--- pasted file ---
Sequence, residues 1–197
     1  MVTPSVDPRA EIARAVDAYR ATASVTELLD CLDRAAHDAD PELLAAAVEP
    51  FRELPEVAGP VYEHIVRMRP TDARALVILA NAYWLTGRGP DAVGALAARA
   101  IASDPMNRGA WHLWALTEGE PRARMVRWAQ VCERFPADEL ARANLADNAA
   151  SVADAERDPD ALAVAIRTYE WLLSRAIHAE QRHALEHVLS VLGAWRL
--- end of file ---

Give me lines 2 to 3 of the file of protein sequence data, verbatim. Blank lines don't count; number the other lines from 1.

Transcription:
     1  MVTPSVDPRA EIARAVDAYR ATASVTELLD CLDRAAHDAD PELLAAAVEP
    51  FRELPEVAGP VYEHIVRMRP TDARALVILA NAYWLTGRGP DAVGALAARA